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Extension Police for Chrome vets installed extensions

Extension Police is a relatively new Chrome extension that vets all installed browser extensions and gives you actionable advice for each.

Chrome extensions are limited in what they can do and Chrome's extension system limits the scope to the browser. Extensions can request additional permissions -- beyond the default scope -- which is required for some functionality.

The developer of Extension Police created other extensions prior to it and noticed that Chrome extensions could be abused for all kinds of unwanted behavior. They could be used to take screenshots of any tab open, save and place cookies, inject JavaScript, like stuff on Facebook, or visit sites in the background.

Extensions need extra permissions for that, for instance the dreaded "read and change data on all websites you visit" permission which is a blank check.

Extension Police for Chrome

extension police

Extension Police requests only one permission and that is to control installed extensions and themes. It adds an icon to Chrome's toolbar that lists all installed extensions sorted into the two groups active and not active.

Active extensions are enabled in Chrome whereas not active extensions are disabled.

Extension Police lists extension icons and names, a security rating, and a toggle to enable or disable individual extensions when you click on the icon or disable all of them using the global toggle.

Users who have installed lots of extensions can use the built-in search to find specific extensions quickly.

Ratings range from safe to high potential risk and danger. A click on any extension reveals detailed information about the extension, its permissions, and the security rating.

extension policy ratings

Extension Police offers the following information for each installed extension:

  • Lists all granted permissions.
  • Interprets the granted permissions to provide a description for non-developers.
  • Lists the developer name, email address, and privacy link.
  • Lists users, rating and description.
  • Links to the extension page, report option, and delete.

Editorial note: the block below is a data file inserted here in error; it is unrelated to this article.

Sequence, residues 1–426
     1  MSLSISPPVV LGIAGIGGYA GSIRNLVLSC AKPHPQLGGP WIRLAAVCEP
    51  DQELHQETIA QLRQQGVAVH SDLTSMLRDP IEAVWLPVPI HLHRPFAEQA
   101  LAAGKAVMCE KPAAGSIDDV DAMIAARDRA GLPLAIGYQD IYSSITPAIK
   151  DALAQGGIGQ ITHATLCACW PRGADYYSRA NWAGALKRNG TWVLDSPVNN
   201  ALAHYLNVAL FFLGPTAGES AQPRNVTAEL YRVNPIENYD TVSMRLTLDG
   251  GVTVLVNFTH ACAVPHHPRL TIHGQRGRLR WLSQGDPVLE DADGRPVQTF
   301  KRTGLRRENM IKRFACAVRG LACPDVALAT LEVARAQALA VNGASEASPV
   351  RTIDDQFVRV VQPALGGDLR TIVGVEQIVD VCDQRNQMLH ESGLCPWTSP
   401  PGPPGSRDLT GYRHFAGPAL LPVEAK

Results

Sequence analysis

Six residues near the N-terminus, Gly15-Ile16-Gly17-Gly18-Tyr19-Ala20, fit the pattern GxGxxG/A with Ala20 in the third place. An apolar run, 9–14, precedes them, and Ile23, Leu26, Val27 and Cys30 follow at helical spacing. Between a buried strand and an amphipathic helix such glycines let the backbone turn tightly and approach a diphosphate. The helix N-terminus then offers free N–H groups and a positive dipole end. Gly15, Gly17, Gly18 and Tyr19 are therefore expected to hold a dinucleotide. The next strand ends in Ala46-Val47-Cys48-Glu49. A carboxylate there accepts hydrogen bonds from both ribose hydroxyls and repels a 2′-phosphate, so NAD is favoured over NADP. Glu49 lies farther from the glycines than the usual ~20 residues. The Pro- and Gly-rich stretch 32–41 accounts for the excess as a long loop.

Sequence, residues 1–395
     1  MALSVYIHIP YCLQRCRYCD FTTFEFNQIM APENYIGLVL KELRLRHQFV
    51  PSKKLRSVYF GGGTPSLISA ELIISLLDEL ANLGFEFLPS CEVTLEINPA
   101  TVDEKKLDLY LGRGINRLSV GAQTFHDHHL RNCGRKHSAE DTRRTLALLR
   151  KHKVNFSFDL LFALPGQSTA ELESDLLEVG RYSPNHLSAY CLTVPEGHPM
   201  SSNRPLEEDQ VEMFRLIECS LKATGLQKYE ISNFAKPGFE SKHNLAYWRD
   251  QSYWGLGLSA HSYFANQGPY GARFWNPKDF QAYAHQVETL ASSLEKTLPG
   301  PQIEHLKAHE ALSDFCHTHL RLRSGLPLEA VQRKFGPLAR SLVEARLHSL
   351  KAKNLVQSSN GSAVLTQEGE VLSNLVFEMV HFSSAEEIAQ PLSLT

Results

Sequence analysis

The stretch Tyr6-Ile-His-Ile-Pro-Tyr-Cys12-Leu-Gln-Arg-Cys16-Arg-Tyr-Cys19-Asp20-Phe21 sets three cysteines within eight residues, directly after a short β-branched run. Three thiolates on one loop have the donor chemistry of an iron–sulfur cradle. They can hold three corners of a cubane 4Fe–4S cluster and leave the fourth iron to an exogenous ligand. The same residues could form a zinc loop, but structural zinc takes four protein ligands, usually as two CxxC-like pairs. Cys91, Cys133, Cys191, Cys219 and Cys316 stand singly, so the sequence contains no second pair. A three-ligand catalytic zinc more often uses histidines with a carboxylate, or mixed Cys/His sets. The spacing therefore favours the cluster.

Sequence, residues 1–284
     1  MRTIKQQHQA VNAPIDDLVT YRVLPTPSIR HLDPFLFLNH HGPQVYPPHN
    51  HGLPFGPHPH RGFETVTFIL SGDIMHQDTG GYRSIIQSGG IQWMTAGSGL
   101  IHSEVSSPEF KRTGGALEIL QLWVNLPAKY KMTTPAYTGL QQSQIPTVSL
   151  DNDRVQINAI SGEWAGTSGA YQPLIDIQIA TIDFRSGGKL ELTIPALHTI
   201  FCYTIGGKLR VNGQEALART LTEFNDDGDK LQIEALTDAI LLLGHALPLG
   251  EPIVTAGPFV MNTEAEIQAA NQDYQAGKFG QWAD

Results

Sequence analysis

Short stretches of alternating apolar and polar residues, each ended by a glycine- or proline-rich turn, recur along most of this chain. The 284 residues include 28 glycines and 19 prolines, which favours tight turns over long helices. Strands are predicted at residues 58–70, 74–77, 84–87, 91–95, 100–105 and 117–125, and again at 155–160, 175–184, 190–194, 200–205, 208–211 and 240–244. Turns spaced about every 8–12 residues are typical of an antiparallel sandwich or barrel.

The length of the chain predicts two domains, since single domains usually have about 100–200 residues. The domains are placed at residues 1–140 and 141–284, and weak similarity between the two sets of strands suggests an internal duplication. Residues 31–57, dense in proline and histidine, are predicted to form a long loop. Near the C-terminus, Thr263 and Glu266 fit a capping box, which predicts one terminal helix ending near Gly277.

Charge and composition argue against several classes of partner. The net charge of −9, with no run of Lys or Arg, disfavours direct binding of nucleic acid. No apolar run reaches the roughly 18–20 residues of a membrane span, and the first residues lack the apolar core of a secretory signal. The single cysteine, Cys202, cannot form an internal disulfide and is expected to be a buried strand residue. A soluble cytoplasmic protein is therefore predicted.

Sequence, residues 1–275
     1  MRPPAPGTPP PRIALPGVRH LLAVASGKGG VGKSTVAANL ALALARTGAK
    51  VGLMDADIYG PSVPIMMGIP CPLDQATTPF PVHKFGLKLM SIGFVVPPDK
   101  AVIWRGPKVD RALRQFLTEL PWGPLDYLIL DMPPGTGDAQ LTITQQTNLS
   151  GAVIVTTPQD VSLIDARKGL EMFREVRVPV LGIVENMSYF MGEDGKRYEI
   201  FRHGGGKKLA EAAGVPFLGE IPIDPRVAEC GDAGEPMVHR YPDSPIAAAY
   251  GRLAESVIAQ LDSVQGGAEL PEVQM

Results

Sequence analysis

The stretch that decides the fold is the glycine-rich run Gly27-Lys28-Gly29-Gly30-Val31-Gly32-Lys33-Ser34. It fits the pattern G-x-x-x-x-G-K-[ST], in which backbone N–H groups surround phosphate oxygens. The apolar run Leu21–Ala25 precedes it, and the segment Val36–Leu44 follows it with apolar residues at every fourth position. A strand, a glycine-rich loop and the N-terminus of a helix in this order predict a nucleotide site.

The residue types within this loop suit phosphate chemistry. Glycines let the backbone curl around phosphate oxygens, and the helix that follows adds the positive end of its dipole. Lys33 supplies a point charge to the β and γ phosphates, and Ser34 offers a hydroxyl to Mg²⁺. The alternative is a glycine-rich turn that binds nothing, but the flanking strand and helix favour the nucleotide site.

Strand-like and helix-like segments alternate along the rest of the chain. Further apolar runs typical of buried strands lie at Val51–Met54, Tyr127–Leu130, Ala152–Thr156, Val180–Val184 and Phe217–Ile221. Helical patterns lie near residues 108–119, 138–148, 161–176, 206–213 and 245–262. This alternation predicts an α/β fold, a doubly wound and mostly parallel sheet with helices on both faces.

Not all extensions that the extension highlights as dangerous or a potential risk are malicious in nature or abused for marketing purposes.

Extension Police gives uBlock Origin a high potential risk rating for instance. While that is certainly justified when you look at the requested permissions, it is not if you know the extension or the developer.

The tip to only use the extension if you trust the developer may help users form a decision.

Extension Police audits extensions installed in Google Chrome. While that is its main purpose, it does support extension management options as well. I mentioned the ability to change the state of extensions already but also for the "secure your critical websites" feature.

You need to give Extension Police permission to access browser tabs to use the feature. Basically, what it does is auto-disable extensions on websites you select. The main idea behind the feature is to prevent extensions to interact with certain sites open in the browser.

You could use it to block extension access to online banking, shopping, or social sites to avoid the leaking of data or misuse.

It is possible to achieve the same by accessing critical sites in incognito mode as extensions are disabled in that mode by default in Chrome. You may use a browser extensions to always open specific websites in Incognito Mode.

Closing Words

How useful is an extension like Extension Police? It depends largely on your extension use. The extension is probably not that interesting if you are an advanced user as you probably vet extensions before you install them.

Chrome users who do not may use it to get an overview of installed extensions and may use the security ratings that Extension Police gives to prioritize the manual vetting process.

It is not a good idea to trust the ratings blindly which means that you need to look at each extension individually anyway.

Now You: Would you use a browser extension like Extension Police?

 

This article was first seen on ComTek's "TekBits" Technology News

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